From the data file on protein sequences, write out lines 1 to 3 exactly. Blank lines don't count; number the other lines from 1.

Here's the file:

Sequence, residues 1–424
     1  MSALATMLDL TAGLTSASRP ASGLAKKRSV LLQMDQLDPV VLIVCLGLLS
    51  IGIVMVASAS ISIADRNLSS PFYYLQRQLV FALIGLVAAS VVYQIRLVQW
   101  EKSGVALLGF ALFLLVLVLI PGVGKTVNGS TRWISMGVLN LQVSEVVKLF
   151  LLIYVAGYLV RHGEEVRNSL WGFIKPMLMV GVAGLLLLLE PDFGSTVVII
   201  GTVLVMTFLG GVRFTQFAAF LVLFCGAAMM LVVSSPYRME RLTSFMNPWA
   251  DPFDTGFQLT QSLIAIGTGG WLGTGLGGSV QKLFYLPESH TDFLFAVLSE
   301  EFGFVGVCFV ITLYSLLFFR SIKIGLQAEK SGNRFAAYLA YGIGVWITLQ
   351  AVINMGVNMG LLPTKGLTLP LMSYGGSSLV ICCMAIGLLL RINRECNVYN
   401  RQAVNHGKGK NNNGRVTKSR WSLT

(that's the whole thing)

Sequence, residues 1–424
     1  MSALATMLDL TAGLTSASRP ASGLAKKRSV LLQMDQLDPV VLIVCLGLLS
    51  IGIVMVASAS ISIADRNLSS PFYYLQRQLV FALIGLVAAS VVYQIRLVQW